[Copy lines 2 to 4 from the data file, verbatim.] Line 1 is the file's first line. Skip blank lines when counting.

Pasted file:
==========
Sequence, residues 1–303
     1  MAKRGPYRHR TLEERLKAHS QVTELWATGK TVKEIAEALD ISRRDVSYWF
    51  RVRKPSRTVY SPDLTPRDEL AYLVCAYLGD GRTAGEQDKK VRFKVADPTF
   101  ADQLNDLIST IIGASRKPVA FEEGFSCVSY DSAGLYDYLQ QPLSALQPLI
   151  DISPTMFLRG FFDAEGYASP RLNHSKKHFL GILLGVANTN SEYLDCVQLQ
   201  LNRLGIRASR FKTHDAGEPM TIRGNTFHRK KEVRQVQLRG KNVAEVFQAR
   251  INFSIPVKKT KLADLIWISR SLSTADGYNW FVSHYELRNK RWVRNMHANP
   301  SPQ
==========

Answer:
     1  MAKRGPYRHR TLEERLKAHS QVTELWATGK TVKEIAEALD ISRRDVSYWF
    51  RVRKPSRTVY SPDLTPRDEL AYLVCAYLGD GRTAGEQDKK VRFKVADPTF
   101  ADQLNDLIST IIGASRKPVA FEEGFSCVSY DSAGLYDYLQ QPLSALQPLI